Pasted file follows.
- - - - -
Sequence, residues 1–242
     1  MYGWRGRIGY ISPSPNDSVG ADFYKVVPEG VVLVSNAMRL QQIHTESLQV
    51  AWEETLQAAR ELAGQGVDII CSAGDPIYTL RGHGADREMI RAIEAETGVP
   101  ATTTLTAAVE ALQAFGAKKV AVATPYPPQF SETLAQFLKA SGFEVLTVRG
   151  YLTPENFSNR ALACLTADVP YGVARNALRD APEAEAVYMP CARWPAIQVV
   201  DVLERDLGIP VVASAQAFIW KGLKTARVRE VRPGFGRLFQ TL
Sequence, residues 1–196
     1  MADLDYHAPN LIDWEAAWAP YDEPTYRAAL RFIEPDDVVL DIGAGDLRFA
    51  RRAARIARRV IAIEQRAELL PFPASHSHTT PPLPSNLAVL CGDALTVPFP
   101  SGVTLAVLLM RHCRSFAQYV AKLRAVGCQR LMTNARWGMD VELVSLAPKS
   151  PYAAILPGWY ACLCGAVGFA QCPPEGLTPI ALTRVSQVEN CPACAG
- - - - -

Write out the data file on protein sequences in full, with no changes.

Sequence, residues 1–242
     1  MYGWRGRIGY ISPSPNDSVG ADFYKVVPEG VVLVSNAMRL QQIHTESLQV
    51  AWEETLQAAR ELAGQGVDII CSAGDPIYTL RGHGADREMI RAIEAETGVP
   101  ATTTLTAAVE ALQAFGAKKV AVATPYPPQF SETLAQFLKA SGFEVLTVRG
   151  YLTPENFSNR ALACLTADVP YGVARNALRD APEAEAVYMP CARWPAIQVV
   201  DVLERDLGIP VVASAQAFIW KGLKTARVRE VRPGFGRLFQ TL
Sequence, residues 1–196
     1  MADLDYHAPN LIDWEAAWAP YDEPTYRAAL RFIEPDDVVL DIGAGDLRFA
    51  RRAARIARRV IAIEQRAELL PFPASHSHTT PPLPSNLAVL CGDALTVPFP
   101  SGVTLAVLLM RHCRSFAQYV AKLRAVGCQR LMTNARWGMD VELVSLAPKS
   151  PYAAILPGWY ACLCGAVGFA QCPPEGLTPI ALTRVSQVEN CPACAG